Today is Trent’s and my 10th anniversary.

To celebrate, we got inked. We got tats on our shoulder and shoulder blade. It is my husband’s first tattoo and my third, and it hurt, but we winced and held each other’s hand while our Young Life friend–a girl I’ve known for years and taken to camp and prayed with, a girl I knew when I was battling anorexia hard and just the scaffolding of a wife, a girl who is now a tattoo artist–marked our skin.

We got the Korean symbol for “Han” or “One” (for one body or flesh) but it means more than that. 한 (“han”) is the sorrow and lamenting for times past, the knowing that life is temporary. The example offered to explain the word is when a woman sees her lover off to war – she is sorrowful for his departure, but only because of the deep love that they share – for which she is grateful. It’s the human condition, being aware that things are temporary.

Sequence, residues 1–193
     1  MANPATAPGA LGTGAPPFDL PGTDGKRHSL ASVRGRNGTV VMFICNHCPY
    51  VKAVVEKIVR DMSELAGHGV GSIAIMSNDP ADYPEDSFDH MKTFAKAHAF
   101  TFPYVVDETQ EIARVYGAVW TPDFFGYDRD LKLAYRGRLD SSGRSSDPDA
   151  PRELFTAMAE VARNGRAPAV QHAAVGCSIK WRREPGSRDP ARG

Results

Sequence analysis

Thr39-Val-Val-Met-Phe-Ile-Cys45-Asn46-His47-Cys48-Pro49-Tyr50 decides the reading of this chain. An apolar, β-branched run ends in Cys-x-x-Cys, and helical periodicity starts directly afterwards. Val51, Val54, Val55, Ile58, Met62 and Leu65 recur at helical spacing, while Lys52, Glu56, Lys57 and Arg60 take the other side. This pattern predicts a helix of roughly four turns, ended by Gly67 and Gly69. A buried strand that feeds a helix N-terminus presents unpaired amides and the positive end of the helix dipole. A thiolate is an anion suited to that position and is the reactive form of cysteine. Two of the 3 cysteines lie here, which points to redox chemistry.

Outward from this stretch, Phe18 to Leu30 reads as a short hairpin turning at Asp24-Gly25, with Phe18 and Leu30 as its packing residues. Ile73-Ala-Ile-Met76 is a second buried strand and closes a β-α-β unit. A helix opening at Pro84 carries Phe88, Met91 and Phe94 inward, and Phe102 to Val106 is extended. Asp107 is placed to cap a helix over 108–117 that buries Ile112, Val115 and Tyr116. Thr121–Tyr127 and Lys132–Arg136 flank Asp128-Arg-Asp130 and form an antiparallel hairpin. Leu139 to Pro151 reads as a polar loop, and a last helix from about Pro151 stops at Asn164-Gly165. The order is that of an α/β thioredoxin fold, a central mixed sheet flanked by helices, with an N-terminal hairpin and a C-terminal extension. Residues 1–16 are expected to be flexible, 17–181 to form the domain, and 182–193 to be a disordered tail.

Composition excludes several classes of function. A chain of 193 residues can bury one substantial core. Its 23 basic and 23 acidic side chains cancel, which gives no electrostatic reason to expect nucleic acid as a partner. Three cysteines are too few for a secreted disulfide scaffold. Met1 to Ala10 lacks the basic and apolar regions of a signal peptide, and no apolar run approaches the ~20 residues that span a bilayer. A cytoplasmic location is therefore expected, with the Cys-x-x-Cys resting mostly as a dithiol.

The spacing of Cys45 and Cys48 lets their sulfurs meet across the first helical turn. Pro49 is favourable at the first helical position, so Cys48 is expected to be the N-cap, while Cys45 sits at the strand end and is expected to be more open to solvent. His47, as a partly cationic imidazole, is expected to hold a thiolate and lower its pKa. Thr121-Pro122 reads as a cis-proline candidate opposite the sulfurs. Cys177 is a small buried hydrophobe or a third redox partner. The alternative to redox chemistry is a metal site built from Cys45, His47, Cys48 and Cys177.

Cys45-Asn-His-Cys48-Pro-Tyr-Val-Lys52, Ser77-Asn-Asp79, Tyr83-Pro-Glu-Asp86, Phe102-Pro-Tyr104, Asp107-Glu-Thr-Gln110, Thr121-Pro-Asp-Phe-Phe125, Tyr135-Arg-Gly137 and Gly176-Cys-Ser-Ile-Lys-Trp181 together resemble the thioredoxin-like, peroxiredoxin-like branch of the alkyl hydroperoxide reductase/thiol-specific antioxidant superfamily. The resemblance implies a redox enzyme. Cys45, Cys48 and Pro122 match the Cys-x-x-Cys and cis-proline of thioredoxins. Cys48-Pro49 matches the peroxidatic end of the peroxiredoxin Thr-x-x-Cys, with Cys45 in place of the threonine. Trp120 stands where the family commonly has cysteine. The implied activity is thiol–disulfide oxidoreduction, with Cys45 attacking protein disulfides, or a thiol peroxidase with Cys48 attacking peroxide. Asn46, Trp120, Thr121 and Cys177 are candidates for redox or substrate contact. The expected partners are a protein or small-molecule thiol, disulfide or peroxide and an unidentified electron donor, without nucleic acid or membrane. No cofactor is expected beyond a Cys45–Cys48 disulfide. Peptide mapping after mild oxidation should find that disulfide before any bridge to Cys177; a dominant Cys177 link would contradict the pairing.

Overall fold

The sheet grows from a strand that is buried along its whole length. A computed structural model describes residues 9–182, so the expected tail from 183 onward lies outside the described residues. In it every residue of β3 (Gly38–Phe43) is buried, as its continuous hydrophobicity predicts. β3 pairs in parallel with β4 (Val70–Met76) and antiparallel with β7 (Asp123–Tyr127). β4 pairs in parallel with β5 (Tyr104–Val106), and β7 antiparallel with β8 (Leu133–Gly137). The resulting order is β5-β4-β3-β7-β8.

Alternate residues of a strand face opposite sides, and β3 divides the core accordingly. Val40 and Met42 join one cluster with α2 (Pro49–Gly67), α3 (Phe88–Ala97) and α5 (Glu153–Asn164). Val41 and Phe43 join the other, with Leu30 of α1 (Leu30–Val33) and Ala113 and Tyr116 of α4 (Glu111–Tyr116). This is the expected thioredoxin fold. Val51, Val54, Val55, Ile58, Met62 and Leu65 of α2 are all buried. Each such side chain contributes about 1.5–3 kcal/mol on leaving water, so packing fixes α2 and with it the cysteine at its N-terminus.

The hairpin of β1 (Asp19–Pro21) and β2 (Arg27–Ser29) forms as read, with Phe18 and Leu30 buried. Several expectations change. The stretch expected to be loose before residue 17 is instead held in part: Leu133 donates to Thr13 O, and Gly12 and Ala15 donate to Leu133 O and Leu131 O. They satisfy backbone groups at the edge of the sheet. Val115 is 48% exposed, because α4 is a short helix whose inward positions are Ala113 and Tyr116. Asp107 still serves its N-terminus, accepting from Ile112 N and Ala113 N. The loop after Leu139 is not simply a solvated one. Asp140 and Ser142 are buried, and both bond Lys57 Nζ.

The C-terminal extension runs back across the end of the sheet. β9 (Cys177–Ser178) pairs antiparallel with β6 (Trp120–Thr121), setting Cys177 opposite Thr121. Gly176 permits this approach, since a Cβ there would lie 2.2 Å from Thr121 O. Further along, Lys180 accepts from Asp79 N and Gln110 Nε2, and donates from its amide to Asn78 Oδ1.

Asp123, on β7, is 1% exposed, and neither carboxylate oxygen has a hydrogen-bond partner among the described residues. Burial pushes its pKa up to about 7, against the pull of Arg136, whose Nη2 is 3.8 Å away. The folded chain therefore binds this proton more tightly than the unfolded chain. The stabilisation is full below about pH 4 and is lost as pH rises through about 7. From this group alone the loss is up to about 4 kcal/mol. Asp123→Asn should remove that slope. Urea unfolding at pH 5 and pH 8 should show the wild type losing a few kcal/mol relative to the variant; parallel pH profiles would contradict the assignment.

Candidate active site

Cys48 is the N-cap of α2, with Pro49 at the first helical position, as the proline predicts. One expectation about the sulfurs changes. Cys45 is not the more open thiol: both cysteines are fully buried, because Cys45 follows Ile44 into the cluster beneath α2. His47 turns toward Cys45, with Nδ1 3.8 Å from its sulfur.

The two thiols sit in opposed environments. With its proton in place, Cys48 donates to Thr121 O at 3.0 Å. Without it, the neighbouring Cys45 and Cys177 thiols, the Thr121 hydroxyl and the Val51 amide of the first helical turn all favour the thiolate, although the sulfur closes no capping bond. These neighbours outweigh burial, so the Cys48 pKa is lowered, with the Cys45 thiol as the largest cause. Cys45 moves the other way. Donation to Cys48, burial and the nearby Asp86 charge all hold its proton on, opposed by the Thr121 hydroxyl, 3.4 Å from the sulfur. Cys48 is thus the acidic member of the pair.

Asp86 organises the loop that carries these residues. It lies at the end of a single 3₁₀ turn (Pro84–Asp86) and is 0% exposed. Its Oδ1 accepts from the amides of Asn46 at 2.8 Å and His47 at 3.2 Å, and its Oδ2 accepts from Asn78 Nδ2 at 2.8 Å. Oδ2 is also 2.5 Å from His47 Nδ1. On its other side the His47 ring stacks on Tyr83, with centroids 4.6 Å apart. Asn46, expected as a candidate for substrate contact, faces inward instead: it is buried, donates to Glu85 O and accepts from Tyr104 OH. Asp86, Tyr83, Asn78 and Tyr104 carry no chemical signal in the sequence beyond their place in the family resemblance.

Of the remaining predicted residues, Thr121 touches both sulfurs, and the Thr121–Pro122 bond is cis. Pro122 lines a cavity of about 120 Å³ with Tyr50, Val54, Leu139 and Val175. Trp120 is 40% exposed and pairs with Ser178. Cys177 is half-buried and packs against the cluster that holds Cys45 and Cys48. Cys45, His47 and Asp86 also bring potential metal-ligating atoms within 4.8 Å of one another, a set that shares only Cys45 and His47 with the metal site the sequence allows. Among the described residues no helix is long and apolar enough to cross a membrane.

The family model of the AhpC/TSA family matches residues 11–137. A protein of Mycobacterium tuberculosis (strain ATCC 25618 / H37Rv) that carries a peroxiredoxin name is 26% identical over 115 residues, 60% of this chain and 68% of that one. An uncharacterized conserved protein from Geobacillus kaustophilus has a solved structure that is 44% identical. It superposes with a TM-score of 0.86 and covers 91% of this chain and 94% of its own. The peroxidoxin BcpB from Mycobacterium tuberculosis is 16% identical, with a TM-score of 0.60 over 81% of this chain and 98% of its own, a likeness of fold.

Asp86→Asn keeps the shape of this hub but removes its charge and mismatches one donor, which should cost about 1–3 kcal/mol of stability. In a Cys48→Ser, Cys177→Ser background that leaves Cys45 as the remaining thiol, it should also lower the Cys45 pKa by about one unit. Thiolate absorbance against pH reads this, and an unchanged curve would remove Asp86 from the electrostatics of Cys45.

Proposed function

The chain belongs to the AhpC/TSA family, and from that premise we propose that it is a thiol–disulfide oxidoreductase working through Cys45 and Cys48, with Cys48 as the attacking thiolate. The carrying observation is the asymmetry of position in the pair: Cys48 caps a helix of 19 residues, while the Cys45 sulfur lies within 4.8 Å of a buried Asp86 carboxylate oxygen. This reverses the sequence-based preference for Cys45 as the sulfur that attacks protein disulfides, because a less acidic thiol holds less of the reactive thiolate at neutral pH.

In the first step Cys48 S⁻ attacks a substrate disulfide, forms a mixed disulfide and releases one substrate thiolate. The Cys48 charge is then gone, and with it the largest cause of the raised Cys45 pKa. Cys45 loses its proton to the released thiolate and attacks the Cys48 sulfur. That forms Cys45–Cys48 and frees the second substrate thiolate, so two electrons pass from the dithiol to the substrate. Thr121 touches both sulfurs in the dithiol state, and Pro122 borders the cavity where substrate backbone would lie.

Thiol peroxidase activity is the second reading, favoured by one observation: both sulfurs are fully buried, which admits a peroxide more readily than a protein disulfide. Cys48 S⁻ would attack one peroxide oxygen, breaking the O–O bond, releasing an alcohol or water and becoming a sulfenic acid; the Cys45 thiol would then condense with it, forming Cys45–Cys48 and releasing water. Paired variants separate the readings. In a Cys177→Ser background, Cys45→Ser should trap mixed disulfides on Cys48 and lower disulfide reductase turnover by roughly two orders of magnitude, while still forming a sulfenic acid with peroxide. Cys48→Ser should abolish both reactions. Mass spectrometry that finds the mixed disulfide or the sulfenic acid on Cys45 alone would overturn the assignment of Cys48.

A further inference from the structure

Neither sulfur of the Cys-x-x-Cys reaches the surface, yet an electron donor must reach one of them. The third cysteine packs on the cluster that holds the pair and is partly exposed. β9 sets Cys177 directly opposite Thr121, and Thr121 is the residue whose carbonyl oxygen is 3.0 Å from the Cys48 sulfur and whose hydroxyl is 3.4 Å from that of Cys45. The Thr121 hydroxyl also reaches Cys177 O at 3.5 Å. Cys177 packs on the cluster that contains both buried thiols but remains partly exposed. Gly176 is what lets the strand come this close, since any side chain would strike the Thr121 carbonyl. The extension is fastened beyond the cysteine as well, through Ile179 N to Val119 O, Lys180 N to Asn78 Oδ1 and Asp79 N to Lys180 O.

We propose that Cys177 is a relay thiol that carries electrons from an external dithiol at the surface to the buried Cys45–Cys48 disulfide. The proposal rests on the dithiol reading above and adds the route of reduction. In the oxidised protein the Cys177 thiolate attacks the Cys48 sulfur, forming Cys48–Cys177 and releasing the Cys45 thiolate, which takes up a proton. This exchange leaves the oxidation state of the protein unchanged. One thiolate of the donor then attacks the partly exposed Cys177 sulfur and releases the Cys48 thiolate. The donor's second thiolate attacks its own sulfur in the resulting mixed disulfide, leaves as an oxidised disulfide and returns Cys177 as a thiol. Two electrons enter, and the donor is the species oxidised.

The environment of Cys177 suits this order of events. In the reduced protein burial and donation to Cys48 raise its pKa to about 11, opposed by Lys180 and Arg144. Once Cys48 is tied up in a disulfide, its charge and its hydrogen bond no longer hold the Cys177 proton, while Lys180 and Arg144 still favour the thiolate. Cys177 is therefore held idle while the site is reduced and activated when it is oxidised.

The root of the word comes from the Chinese character 恨 (“han”) which is composed of two radicals: the one on the left is “heart” and the one on the right is “step”. You can hear the sound of 한 in the voice of traditional Korean and Chinese singers, and it sounds very much on the verge of tears, like a sorrowful cry in nostalgia for times past.

We chose this Korean symbol because we lived in Korea for the better part of a year, teaching English, and that is when our marriage became a living, breathing organism.

Seven years ago, we would have told you we didn’t think we could make it.


 (for the rest of this post, follow me over HERE to Prodigal Magazine? Thanks friends.) 


 **please note, there will be NO Imperfect Prose Link-Up this week, as we are on holidays. e.**